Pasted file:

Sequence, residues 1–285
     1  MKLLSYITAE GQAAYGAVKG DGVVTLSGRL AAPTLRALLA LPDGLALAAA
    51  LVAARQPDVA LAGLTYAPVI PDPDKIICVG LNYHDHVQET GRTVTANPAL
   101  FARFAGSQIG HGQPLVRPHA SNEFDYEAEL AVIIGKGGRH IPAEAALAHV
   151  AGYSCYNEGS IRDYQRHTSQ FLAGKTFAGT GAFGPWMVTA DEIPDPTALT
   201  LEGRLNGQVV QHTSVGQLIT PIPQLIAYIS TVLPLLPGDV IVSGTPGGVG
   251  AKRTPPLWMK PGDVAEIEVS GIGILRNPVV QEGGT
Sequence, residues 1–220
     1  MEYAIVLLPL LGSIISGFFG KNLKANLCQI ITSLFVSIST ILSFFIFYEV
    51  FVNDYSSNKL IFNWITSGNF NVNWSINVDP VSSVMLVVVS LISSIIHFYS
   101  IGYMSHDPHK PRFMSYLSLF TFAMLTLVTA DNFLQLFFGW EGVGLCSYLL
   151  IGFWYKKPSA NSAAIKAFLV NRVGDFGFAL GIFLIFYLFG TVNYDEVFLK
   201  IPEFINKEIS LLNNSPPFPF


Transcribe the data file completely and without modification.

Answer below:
Sequence, residues 1–285
     1  MKLLSYITAE GQAAYGAVKG DGVVTLSGRL AAPTLRALLA LPDGLALAAA
    51  LVAARQPDVA LAGLTYAPVI PDPDKIICVG LNYHDHVQET GRTVTANPAL
   101  FARFAGSQIG HGQPLVRPHA SNEFDYEAEL AVIIGKGGRH IPAEAALAHV
   151  AGYSCYNEGS IRDYQRHTSQ FLAGKTFAGT GAFGPWMVTA DEIPDPTALT
   201  LEGRLNGQVV QHTSVGQLIT PIPQLIAYIS TVLPLLPGDV IVSGTPGGVG
   251  AKRTPPLWMK PGDVAEIEVS GIGILRNPVV QEGGT
Sequence, residues 1–220
     1  MEYAIVLLPL LGSIISGFFG KNLKANLCQI ITSLFVSIST ILSFFIFYEV
    51  FVNDYSSNKL IFNWITSGNF NVNWSINVDP VSSVMLVVVS LISSIIHFYS
   101  IGYMSHDPHK PRFMSYLSLF TFAMLTLVTA DNFLQLFFGW EGVGLCSYLL
   151  IGFWYKKPSA NSAAIKAFLV NRVGDFGFAL GIFLIFYLFG TVNYDEVFLK
   201  IPEFINKEIS LLNNSPPFPF